That’s right, it’s time to talk about every loan officer’s favorite subject—tax planning strategies for your mortgage business! While this is not the most exciting topic, it’s important because what you do now can help you save on taxes by reducing your taxable income, and sometimes, even your tax rate.
This has never been more true than in 2020, which has been a record year for the mortgage industry. It’s a great, and somewhat unexpected, problem to have. But if you didn't plan ahead for a year like this one, you may have some surprises pop up at the year’s end, or even worse, on April 15th, 2021. That's why it's important to think about tax planning strategies for your mortgage business now!
First up, let’s talk 2019 taxes. If you filed for an extension for last year’s taxes, that deadline is quickly approaching. Remember, this wasn’t an extension to pay taxes owed but was an extension for filing your 2019 return itself.
If you miss the deadline, you may owe additional penalties for filing late, so it’s worth prioritizing getting your 2019 return in now. Once that’s out of the way, it’s time to think about 2020.
Why You Should Think About Tax Planning Strategies for Your Mortgage Business Ahead of Time
At APM, we recommend that our loan officers start tax planning in October so that they have a full understanding of their tax liability before the end of the year. Why is this so important?
Well, this gives you a complete picture of your tax situation, which may cause you to make some different decisions than you would if you weren’t sure what your tax liability is likely to be.
First, you may decide to take advantage of business deductions or purchase things that you wouldn’t have otherwise if it’s advantageous for your tax bill. Keep in mind, most business spending has to be done by December 31st to qualify as a deduction, so it's important not to wait until the last minute.
Second, you'll be better prepared to prevent cash flow disruptions in the future by setting money aside now or tapping an alternative source to pay the IRS. If you’re going to have a large bill, it’s much better to have some time to plan for it rather than be surprised right before it’s due. Nobody likes that kind of surprise!
Early tax planning is key for meeting your short- and long-term financial goals, so it’s worth taking the time to do it right.
How to Prepare for your Meeting with a Tax Planner
First, you’ll need to get your reporting in order and receipts put together. The most helpful report for your tax advisor, if your business is set up as an LLC or sole proprietorship or corporation, is a year-to-date P & L along with and list of any additional retirement or HAS contributions and personal financial documentation.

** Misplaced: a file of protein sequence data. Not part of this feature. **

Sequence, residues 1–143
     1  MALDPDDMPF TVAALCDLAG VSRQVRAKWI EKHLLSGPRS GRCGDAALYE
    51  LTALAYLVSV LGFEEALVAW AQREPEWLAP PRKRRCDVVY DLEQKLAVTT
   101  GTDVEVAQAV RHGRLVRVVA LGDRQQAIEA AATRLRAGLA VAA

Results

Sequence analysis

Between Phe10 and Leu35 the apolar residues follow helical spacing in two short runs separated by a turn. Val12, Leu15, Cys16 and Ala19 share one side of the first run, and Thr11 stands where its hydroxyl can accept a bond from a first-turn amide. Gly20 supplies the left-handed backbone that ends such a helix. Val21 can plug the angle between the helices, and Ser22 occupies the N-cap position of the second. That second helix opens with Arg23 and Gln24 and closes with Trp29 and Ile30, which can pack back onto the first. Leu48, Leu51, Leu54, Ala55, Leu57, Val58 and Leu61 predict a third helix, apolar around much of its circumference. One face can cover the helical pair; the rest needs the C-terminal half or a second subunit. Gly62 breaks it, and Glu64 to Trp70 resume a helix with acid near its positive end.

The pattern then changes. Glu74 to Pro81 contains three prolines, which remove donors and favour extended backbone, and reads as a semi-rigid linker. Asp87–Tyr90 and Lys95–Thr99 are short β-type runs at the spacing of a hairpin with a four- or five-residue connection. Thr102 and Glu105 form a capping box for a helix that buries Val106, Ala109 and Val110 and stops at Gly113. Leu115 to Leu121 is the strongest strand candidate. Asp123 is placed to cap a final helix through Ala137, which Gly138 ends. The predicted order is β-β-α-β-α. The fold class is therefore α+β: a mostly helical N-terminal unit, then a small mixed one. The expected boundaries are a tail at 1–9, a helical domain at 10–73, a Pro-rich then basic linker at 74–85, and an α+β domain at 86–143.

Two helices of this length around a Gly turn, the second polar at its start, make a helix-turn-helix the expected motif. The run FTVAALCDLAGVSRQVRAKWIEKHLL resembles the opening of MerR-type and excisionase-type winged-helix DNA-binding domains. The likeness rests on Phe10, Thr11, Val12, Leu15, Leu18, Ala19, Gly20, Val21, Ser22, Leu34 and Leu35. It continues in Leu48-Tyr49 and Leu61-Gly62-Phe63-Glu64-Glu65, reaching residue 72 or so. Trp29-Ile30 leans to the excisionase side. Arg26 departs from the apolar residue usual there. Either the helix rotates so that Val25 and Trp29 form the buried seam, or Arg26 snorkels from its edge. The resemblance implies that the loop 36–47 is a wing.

If you’re a W-2 employee, a year-to-date paystub will work in lieu of a P & L along with a list of any out-of-pocket expenses you’ve incurred for the year. These expenses may include employee payroll and bonuses, education and professional development, office equipment, charitable contributions, HSA and retirement contributions, and more. Consult with your tax professional for more information about taxable deductions.
Organize everything for your tax professional so it’s easy to start making recommendations for you right away. It’s always smart to have these things well-organized in case of a future IRS audit, anyway.Second, you want to work with an accountant who is well-versed in the mortgage industry and knows the deductions inside and out. If you’re not sure who to pick, you can start asking colleagues for their recommendations.
Tax Strategy 1: Maximize Deductions
Tax planning now gives you the ability to maximize deductions and invest in your business prior to the end of the year. It may make sense to lower your tax liability by using some of these strategies.
Here are some deductions you may want to consider:
- Employee bonuses and/or compensation
- New or used equipment for your business
- Charitable contributions
- Education and professional development
- Prepay services in advance
- Health savings contributions
- Retirement plan contributions
- Travel expenses for your business
For more information on maximizing business deductions, APM recommends that you consult with a licensed tax advisor, who can help you make sure you’re not missing any possible deductions that could lower your bill.
Tax Strategy 2: Adjust Withholdings
If you’re a W-2 loan officer who may owe money on Tax Day based on your end-of-the-year planning, you may want to adjust paycheck withholdings for the last two months of the year. Increasing the withholding from your paycheck can help cover the tax bill and reduce any potential penalty. (There is no penalty if you owe less than $1,000.)
If you’re a business, you may want to make sure that you’ve made enough quarterly payments to avoid penalties at the end of the year. This can be complicated to calculate (especially this year), so make sure you’re working with a tax professional.
Tax Strategy 3: Defer Income Collection
You may consider deferring income for your business based on the advice you receive from your tax advisor. This usually involves delaying the receipt of income until next year or moving up the payment of expenses.
Of course, this depends on the outlook for your business’s future! If you expect significantly higher income next year, for example, it may help to take the hit on taxes this year. If you expect to make less next year, pushing income until then can be a really smart move.
By planning ahead, you may come across options that will help keep more of your hard-earned money in your pocket. A little tax planning now can help you reduce your tax payment and avoid a scramble to pay the bill in April.